What is John Mayer like to write with? I know you’ve written a couple of songs with him.

Well, John is a great writer, and he’s just a very smart and amazingly talented individual. You know, we’ve become good friends as well which is, really, the main thing. It’s about chemistry with a musician, or with anybody, not just a musician, obviously. But he’s very savvy and he’s very keen on what is important about his music, his product, his brand. So, the writing that we’ve done together is different. Every collaboration is different. The way that I collaborate with John is more like, it comes out of what we call a ‘free play’ where we just play some stuff and it’s basically like just jamming. And we come up with some stuff and then we’ll come up with some music and then he’ll take the track or whatever, and then write some lyrics over it as opposed to when I’m writing with Keith Richards, it will be more of a collaboration where we’ve not only come up with the music together but then we’ll write lyrics together. Or kind of, with Meegan, it’s kind of a combination of that. It takes all, it takes on different forms. Sometimes, I’ll write a tune that I’ve written most of the lyrics for or whatever, but I need a bridge and then I’ll ask Meegan ‘Do you have a bridge?’ Or some things I’ve written with some great writer like Danny Kortchmar, who’s a legendary guitarist but legendary producer and writer. Great, great writer. So I’ve learned a lot of stuff about writing from him. So I’ve been very fortunate to be around a lot of great writers. Working on Devil and Dust with Bruce Springsteen, before I played a single track he gave me the book of lyrics, every lyric in Devils and Dust, before I played a note. And he thought it was important for me to read the lyrics to the whole album before I played on it, which is very, very, very smart. And it gave me insight into what he was thinking about and what his mindset was before we started recording. It was great. A lot of people have different way of doing things and I’ve been fortunate to be around a lot of different styles.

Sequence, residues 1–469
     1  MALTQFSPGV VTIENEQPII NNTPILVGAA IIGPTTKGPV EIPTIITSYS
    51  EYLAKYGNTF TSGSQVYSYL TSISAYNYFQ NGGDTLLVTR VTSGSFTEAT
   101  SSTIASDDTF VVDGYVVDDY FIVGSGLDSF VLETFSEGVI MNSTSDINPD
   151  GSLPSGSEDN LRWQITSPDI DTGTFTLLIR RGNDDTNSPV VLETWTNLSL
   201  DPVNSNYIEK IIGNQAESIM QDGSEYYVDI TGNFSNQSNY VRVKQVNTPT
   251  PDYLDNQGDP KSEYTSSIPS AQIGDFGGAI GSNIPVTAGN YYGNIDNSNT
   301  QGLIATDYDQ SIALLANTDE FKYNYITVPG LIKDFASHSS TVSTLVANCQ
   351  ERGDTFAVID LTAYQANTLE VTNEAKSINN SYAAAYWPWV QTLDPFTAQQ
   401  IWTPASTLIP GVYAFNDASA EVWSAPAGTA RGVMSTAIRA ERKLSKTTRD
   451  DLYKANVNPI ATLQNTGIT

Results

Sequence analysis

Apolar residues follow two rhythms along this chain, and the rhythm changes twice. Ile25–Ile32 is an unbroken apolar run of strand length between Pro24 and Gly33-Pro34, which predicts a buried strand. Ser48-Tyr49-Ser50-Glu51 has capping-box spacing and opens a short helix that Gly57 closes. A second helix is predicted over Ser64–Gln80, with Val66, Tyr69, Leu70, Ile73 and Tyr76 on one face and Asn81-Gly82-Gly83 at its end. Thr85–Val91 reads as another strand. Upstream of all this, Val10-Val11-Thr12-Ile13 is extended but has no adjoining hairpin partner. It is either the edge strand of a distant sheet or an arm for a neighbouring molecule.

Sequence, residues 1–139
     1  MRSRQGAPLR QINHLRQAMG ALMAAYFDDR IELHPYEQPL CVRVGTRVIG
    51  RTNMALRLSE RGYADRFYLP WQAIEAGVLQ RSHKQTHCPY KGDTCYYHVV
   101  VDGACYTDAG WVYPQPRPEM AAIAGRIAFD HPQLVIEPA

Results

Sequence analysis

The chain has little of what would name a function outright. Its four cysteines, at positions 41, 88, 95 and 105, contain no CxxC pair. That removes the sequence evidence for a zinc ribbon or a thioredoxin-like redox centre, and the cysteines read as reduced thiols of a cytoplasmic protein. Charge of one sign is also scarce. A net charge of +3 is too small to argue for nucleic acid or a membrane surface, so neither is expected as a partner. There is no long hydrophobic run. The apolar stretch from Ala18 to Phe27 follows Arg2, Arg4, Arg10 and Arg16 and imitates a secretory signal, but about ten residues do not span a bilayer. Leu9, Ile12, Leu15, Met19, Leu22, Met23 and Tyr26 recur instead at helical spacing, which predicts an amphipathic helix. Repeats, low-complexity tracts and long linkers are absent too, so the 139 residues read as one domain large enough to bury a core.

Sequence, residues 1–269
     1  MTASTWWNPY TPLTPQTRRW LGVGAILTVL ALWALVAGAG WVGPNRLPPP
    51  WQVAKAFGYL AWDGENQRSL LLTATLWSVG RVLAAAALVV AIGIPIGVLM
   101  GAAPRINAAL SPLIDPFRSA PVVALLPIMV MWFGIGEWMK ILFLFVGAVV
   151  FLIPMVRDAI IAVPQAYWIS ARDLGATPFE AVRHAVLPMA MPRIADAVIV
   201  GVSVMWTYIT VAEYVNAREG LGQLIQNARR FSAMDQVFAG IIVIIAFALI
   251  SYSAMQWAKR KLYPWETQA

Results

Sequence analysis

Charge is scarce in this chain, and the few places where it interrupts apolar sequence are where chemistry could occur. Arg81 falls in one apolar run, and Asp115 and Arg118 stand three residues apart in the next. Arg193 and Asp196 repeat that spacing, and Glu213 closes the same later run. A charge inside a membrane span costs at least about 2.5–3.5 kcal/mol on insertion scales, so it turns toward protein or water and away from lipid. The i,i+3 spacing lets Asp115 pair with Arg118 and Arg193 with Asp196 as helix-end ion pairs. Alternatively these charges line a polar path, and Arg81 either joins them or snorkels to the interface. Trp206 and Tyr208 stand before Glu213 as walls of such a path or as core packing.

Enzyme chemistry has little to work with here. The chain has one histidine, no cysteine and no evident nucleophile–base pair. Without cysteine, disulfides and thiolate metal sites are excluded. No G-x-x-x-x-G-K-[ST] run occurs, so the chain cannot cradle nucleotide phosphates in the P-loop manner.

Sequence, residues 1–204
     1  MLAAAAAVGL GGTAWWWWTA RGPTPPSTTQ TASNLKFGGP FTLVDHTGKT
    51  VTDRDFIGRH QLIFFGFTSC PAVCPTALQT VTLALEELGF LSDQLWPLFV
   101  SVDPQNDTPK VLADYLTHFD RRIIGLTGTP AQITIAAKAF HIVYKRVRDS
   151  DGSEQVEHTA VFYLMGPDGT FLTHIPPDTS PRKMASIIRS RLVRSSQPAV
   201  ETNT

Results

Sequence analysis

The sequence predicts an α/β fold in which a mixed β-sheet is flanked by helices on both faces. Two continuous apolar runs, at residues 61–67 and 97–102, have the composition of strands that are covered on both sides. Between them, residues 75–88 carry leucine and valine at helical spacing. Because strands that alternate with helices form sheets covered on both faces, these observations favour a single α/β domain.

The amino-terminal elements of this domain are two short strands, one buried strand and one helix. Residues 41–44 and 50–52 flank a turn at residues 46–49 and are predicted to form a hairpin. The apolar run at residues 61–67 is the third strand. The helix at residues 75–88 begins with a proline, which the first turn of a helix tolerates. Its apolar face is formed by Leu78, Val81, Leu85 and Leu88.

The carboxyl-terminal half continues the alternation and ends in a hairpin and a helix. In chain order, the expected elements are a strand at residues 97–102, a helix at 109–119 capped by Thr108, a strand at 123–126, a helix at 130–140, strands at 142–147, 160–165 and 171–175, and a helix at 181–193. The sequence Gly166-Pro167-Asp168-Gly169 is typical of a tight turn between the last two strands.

My last question is open-ended. What would you, Steve Jordan, like to say to anyone who is listening to this interview?

I’d like to say for everyone to stay positive. There are a lot of things out there that could lead you to think otherwise but we’re living in a very fascinating point in time here. We could continue to go forward and focus on the things that will make this society of ours better but the choice is ours. There are a lot of things that make people think smaller than they have to. If we really go back to the …thought of helping one another and not being as selfish as we’ve become, the world would be a better place. Which I’m very fortunate and blessed to be a musician because music is the universal language. So I can go all over the world and spread the good cheer of music. And, as you can see, that cuts across every kind of racial, cultural, social, political line. And that’s the great thing about music so I like to carry that torch, like a lot of other artists do as well. For musicians and artists, that’s our job. Our job is to carry that torch and to, and to pass on good will. And so that, that’s what I like to do and I’d like to do that more often. I look forward to every opportunity to do that.

Mr. Jordan, it’s been a great pleasure to do this interview.

Thank you, Paul. It’s been a pleasure speaking with you.

Perhaps I will hear you perform in Atlanta?

Yeah, I know that The Verbs are putting together a small tour to do something, maybe at the end of the year. And then, next year I’ll be doing some work with some, uh, some legendary, noted guitar players – and I’ll leave it at that.

TRANSCRIBED BY GAYLE BRAZDA